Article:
Your SlideShare is downloading. ×
Golf Lizbeth and Noelia
Golf Lizbeth and Noelia
Golf Lizbeth and Noelia
Golf Lizbeth and Noelia
Golf Lizbeth and Noelia
Golf Lizbeth and Noelia
Golf Lizbeth and Noelia
Golf Lizbeth and Noelia
Golf Lizbeth and Noelia
Upcoming SlideShare
Loading in...5
×

Thanks for flagging this SlideShare!

Oops! An error has occurred.

×
Saving this for later? Get the SlideShare app to save on your phone or tablet. Read anywhere, anytime – even offline.
Text the download link to your phone
Standard text messaging rates apply

Golf Lizbeth and Noelia

231

Published on

Published in: Sports
0 Comments
0 Likes
Statistics
Notes
  • Be the first to comment

  • Be the first to like this

No Downloads
Views
Total Views
231
On Slideshare
0
From Embeds
0
Number of Embeds
1
Actions
Shares
0
Downloads
6
Comments
0
Likes
0
Embeds 0
No embeds

Report content
Flagged as inappropriate Flag as inappropriate
Flag as inappropriate

Select your reason for flagging this presentation as inappropriate.

Cancel
No notes for slide

Transcript

  • 1.  GolfGolf is a sport in which ais a sport in which a player, using many types ofplayer, using many types of clubs including a driver, aclubs including a driver, a putter, and irons, hits a ballputter, and irons, hits a ball into each hole on a golfinto each hole on a golf course in the lowestcourse in the lowest possible number of strokes.possible number of strokes. Golf is one of the few ballGolf is one of the few ball games that does not use agames that does not use a standardized playing area;standardized playing area; rather, the game is playedrather, the game is played on golf "courses", each oneon golf "courses", each one of which has a uniqueof which has a unique design and typically consistsdesign and typically consists of either 9 or 18 holes.of either 9 or 18 holes.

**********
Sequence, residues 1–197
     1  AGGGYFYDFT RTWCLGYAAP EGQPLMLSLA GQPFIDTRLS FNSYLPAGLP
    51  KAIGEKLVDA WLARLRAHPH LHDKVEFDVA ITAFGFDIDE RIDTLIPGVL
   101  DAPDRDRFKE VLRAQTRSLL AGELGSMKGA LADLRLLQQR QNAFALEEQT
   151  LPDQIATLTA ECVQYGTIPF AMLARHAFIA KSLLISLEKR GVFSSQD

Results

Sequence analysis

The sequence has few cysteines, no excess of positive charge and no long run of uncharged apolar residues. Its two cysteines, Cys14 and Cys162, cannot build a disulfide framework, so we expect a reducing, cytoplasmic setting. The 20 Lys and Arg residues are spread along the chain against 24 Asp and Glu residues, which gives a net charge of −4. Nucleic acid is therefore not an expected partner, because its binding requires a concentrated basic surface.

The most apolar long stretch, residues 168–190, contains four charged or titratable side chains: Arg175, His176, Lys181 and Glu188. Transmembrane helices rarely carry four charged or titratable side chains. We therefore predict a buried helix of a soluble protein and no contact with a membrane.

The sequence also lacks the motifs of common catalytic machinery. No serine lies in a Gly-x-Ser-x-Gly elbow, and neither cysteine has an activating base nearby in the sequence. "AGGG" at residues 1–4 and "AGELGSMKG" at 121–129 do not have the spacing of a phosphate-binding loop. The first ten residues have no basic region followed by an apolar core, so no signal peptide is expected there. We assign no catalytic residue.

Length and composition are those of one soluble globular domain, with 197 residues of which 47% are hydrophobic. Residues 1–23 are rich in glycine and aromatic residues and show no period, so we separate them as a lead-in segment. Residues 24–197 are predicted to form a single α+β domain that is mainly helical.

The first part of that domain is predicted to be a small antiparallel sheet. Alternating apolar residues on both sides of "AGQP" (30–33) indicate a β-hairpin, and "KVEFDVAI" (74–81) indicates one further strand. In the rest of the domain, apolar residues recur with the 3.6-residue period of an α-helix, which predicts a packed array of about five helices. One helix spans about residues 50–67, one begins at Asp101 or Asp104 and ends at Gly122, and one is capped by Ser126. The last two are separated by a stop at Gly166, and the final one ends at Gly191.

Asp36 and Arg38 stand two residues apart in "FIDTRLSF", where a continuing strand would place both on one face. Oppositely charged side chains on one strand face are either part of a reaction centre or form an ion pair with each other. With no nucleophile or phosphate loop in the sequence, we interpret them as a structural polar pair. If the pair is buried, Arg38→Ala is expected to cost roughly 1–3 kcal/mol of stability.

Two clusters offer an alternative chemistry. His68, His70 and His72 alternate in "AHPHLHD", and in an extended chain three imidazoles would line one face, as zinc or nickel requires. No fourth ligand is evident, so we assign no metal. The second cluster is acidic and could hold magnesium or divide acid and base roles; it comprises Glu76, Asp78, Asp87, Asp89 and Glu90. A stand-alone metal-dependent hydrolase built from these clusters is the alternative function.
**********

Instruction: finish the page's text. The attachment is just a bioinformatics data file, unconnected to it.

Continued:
• 2.  The most accepted golf history theory is that golf (as practisedThe most accepted golf history theory is that golf (as practised today) originated from Scotland in the 12th century, with shepherdstoday) originated from Scotland in the 12th century, with shepherds knocking stones into rabbit holes in the place where the famousknocking stones into rabbit holes in the place where the famous Royal and Ancient Golf Club of St. Andrews now sits.However, theRoyal and Ancient Golf Club of St. Andrews now sits.However, the origin of golf is unclear and open to debate.origin of golf is unclear and open to debate.  The game was brought to Europe by the Mongols in the 12th andThe game was brought to Europe by the Mongols in the 12th and 13th centuries.13th centuries.  A Dutch game was mentioned on 26 February 1297 in a city calledA Dutch game was mentioned on 26 February 1297 in a city called Loenen aan de Vecht. Here they played a game with a stick andLoenen aan de Vecht. Here they played a game with a stick and leather ball. The Scottish game of gowf was mentioned in two 15thleather ball. The Scottish game of gowf was mentioned in two 15th century laws prohibiting its play.century laws prohibiting its play.  However,However, the modern game of golf as we understand it todaythe modern game of golf as we understand it today originated and developed in Scotland: The first golf cluboriginated and developed in Scotland: The first golf club memberships were formed in Scotland.memberships were formed in Scotland.  Over time, the modern game spread to England and the rest of theOver time, the modern game spread to England and the rest of the world.world.